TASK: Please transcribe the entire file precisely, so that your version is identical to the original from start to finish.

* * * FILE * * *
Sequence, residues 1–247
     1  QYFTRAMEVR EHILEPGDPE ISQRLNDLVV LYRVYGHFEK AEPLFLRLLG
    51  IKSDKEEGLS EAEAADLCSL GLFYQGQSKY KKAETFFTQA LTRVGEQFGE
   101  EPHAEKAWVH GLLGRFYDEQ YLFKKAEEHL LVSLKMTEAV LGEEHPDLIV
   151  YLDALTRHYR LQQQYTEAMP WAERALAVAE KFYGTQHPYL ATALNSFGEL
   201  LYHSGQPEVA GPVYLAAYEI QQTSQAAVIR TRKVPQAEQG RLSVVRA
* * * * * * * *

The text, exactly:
Sequence, residues 1–247
     1  QYFTRAMEVR EHILEPGDPE ISQRLNDLVV LYRVYGHFEK AEPLFLRLLG
    51  IKSDKEEGLS EAEAADLCSL GLFYQGQSKY KKAETFFTQA LTRVGEQFGE
   101  EPHAEKAWVH GLLGRFYDEQ YLFKKAEEHL LVSLKMTEAV LGEEHPDLIV
   151  YLDALTRHYR LQQQYTEAMP WAERALAVAE KFYGTQHPYL ATALNSFGEL
   201  LYHSGQPEVA GPVYLAAYEI QQTSQAAVIR TRKVPQAEQG RLSVVRA